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Why do we always find ourselves in the slower lane?

March 3, 2018

Is the line next to you at the check-in at the airport or the check-out at the supermarket really always quicker than the one you are in? Is the traffic in the neighbouring lane always moving a bit more quickly than your lane? Or does it just seem that way?

One explanation is to appeal to basic human psychology. For example, is it an illusion caused by us being more likely to glance over at the neighbouring lane when we are progressing forward slowly than quickly? Is it a consequence of the fact that we tend to look forwards rather than backwards, so vehicles that are overtaken become forgotten very quickly, whereas those that remain in front continue to torment us? Do we take more notice, or remember for longer the times we are passed than when we pass others? If this is the complete explanation, it seems we should passively accept our lot. On the other hand, perhaps we really are more often than not in the slower lane. If so, there may be a reason. Let me explain using an example.

How big is the smallest fish in the pond? You catch sixty fish, all of which are more than six inches long. Does this evidence add support to a hypothesis that all the fish in the pond are longer than six inches? Only if your net is able to catch fish smaller than six inches. What if the holes in the net allow smaller fish to pass through? This may be described as a selection effect, or an observation bias.

Apply the same principle to your place in the line or the lane.

To understand the effect in this context we need to ask, ‘For a randomly selected person, are the people or vehicles in the next line or lane actually moving faster?’

Well, one obvious reason why we might be in a slower lane is that there are more vehicles in it than in the neighbouring lane. This means that more of our time is spent in the slower lane. In particular, cars travelling at greater speeds are normally more spread out than slower cars, so that over a given stretch of road there are likely to be more cars in the slower lane, which means that more of the average driver’s time is spent in the slower lane or lanes. This is known as an observer selection effect, a key idea in the theory of which is that observers should reason as if they were a random sample from the set of all observers. In other words, when making observations of the speed of cars in the next lane, or the progress of the neighbouring line to the cashier, it is important to consider yourself as a random observer, and think about the implications of this for your observation.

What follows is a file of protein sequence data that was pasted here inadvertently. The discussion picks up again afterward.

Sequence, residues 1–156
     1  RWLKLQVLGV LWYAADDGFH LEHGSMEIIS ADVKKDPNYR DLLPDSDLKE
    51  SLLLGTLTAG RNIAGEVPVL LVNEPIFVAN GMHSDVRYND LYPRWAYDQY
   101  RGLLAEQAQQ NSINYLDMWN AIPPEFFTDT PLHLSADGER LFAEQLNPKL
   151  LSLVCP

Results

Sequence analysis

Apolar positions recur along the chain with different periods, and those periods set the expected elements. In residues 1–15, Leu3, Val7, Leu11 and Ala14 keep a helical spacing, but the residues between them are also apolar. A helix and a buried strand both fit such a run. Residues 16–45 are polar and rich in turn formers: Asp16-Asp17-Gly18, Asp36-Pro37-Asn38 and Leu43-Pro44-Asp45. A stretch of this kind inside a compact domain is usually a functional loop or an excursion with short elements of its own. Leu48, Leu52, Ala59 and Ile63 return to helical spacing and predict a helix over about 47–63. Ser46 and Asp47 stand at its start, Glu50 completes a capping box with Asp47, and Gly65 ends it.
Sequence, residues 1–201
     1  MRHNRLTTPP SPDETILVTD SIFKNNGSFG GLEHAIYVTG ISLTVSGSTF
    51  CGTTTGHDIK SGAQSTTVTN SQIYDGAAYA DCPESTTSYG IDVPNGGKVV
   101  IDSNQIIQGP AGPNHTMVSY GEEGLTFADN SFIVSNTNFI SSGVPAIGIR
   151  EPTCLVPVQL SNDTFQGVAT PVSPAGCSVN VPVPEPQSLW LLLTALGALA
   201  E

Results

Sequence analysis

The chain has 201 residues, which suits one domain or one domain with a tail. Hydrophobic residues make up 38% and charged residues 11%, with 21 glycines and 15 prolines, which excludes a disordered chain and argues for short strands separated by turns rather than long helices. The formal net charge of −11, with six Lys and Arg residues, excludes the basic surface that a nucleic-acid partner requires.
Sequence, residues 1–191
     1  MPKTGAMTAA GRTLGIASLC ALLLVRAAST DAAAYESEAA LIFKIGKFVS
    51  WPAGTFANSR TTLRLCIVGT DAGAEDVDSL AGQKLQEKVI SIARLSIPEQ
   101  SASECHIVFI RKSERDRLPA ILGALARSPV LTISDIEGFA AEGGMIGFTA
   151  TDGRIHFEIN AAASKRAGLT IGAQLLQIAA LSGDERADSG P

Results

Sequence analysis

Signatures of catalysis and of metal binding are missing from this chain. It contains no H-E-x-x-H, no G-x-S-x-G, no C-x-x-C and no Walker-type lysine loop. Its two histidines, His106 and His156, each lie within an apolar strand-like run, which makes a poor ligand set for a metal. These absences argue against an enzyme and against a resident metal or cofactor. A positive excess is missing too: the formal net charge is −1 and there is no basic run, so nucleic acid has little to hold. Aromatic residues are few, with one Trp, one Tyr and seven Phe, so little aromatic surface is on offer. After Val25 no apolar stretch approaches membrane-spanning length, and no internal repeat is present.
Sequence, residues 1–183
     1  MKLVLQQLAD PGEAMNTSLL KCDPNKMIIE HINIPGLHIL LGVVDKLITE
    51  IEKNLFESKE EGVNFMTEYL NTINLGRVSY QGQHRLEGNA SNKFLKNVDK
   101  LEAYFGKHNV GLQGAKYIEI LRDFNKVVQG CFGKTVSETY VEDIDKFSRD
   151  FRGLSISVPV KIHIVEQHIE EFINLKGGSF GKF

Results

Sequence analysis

To put it another way, if you are in a line and think of your present observation as a random sample from all the observations made by all relevant observers, then the probability is that your observation will be made from the perspective that most drivers have, which is the viewpoint of the slower moving queue, as that is where more observers are likely to be. It is because most observers are in the slower lane, therefore, that a typical or randomly selected driver will not only seem to be in the slower lane but actually will be in the slower lane. Let’s put it this way. If there are 20 in the slower lane and 10 in the equivalent section of the fast lane, there is a 2/3 chance that you are in the slow lane.

So the next time you think that the other lane is faster, be aware that it very probably is.



Nick Bostrom, Anthropic Bias: Observation Selection Effects in Science and Philosophy, Chapter 1, Routledge, 2002.

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